A. Cell lysates from DLD-1 and DLD-1-OxR were subjected to Western blot and representative results displayed. SUZ12 protein levels were increased in DLD-1-OxR compared to DLD-1. GAPDH was used as the loading control. B. Expression levels of SUZ12 in DLD-1 and DLD-1-OxR. The expression level of SUZ12 was analyzed by quantitative reverse transcription PCR. The expression level of SUZ12 was higher in DLD-1-OxR compared to DLD-1 parental cells. Means ± SEM were displayed. ** = p < 0.01. n = 4.
Figure 4:  DLD-1-OxR cells overexpressed SUZ12.
REFERENCES
  • 1. Bhandari A, Woodhouse M, Gupta S. Colorectal cancer is a leading cause of cancer incidence and mortality among adults younger than 50 years in the USA: A seer-based analysis with comparison to other young-onset cancers. J Investig Med. 2017; 65: 311-315. [PubMed] https://doi.org/10.1136/jim-2016-000229.
  • 2. Tsai JH, Yang J. Epithelial-mesenchymal plasticity in carcinoma metastasis. Genes Dev. 2013; 27: 2192-2206. [PubMed] https://doi.org/10.1101/gad.225334.113.
  • 3. Du B, Shim JS. Targeting Epithelial-Mesenchymal Transition (EMT) to overcome drug resistance in cancer. Molecules. 2016; 21:doi:10.3390/molecules21070965. [PubMed] https://doi.org/10.3390/molecules21070965.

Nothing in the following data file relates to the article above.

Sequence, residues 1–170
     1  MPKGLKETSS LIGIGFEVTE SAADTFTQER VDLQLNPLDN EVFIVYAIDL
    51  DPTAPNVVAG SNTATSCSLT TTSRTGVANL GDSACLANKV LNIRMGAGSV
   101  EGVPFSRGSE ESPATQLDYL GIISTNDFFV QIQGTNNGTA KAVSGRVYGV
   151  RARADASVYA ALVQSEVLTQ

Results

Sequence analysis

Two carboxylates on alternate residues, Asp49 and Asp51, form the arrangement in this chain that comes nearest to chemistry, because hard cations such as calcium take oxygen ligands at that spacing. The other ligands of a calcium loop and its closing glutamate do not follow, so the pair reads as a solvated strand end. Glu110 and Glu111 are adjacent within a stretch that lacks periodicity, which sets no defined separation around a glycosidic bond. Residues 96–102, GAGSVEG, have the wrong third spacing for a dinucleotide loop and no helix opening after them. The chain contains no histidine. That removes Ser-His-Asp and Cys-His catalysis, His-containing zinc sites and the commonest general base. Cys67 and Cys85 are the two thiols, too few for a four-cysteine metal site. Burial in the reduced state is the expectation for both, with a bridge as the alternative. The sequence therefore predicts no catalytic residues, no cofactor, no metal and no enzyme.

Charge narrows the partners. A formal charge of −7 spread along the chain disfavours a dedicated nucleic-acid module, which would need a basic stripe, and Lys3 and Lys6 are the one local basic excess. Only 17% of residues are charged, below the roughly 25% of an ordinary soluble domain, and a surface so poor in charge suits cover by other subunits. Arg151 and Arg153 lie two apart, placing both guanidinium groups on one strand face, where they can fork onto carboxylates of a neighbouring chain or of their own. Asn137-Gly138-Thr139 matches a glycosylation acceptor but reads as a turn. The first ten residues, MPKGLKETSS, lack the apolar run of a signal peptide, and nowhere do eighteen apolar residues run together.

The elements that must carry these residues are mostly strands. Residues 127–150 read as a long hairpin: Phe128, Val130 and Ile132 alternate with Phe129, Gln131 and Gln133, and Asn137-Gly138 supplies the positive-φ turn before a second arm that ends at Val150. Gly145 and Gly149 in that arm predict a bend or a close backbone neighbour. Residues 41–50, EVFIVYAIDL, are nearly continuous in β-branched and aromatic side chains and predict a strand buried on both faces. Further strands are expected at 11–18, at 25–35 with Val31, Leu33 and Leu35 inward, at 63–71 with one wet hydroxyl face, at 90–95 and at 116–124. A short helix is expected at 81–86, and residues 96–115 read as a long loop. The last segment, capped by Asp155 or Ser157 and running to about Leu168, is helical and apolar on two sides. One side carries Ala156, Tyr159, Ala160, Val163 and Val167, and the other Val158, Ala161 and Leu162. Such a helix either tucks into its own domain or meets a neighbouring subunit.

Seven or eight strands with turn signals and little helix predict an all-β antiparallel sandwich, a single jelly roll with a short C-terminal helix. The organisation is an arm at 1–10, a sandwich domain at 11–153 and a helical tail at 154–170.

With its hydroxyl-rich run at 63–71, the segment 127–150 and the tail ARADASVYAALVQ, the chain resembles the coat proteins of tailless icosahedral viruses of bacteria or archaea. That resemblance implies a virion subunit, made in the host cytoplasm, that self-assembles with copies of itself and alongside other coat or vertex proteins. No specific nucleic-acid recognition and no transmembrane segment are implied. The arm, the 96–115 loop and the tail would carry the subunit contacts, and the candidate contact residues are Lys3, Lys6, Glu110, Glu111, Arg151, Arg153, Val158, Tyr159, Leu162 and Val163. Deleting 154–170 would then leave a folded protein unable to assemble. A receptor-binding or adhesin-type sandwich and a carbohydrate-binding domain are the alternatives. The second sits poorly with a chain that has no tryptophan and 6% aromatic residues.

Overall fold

• 4. Yang AD, Fan F, Camp ER, van Buren G, Liu W, Somcio R, Gray MJ, Cheng H, Hoff PM, Ellis LM. Chronic oxaliplatin resistance induces epithelial-to-mesenchymal transition in colorectal cancer cell lines. Clinical cancer research : an official journal of the American Association for Cancer Research. 2006; 12: 4147-4153. [PubMed]
  • 5. Kawamoto A, Yokoe T, Tanaka K, Saigusa S, Toiyama Y, Yasuda H, Inoue Y, Miki C, Kusunoki M. Radiation induces epithelial-mesenchymal transition in colorectal cancer cells. Oncol rep. 2012; 27: 51-57. [PubMed]
  • 6. Shibue T, Weinberg RA. EMT, CSCs, and drug resistance: The mechanistic link and clinical implications. Nat Rev Clin Oncol. 2017; Apr 11. doi: 10.1038/nrclinonc.2017.44. [Epub ahead of print]. [PubMed] https://doi.org/10.1038/nrclinonc.2017.44.
  • 7. Findlay VJ, Wang C, Watson DK, Camp ER. Epithelial-to-mesenchymal transition and the cancer stem cell phenotype: Insights from cancer biology with therapeutic implications for colorectal cancer. Cancer Gene Ther. 2014; 21: 181-187. [PubMed] https://doi.org/10.1038/cgt.2014.15.
  • 8. Bhangu A, Wood G, Mirnezami A, Darzi A, Tekkis P, Goldin R. Epithelial mesenchymal transition in colorectal cancer: Seminal role in promoting disease progression and resistance to neoadjuvant therapy. Surg oncol. 2012; 21: 316-323. [PubMed]
  • 9. Lv H, Jiang Y, Li J, Zhang M, Shang Z, Zheng J, Wu X, Liu P, Zhang R, Yu H. Association between polymorphisms in the promoter region of interleukin-10 and susceptibility to inflammatory bowel disease. Mol biol rep. 2014; 41: 12991310. [PubMed]
  • 10. Bracken AP, Helin K. Polycomb group proteins: Navigators of lineage pathways led astray in cancer. Nat Rev Cancer. 2009; 9: 773-784. [PubMed]